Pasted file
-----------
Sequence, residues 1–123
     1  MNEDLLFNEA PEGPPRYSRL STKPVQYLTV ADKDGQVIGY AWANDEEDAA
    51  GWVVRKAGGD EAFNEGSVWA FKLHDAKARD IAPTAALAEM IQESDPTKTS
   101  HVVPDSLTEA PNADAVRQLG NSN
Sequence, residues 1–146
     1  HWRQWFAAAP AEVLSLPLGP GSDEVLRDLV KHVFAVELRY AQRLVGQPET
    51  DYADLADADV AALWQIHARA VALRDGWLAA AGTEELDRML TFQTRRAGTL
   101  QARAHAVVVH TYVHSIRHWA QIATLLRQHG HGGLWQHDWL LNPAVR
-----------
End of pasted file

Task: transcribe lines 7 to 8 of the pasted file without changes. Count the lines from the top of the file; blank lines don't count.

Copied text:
    51  DYADLADADV AALWQIHARA VALRDGWLAA AGTEELDRML TFQTRRAGTL
   101  QARAHAVVVH TYVHSIRHWA QIATLLRQHG HGGLWQHDWL LNPAVR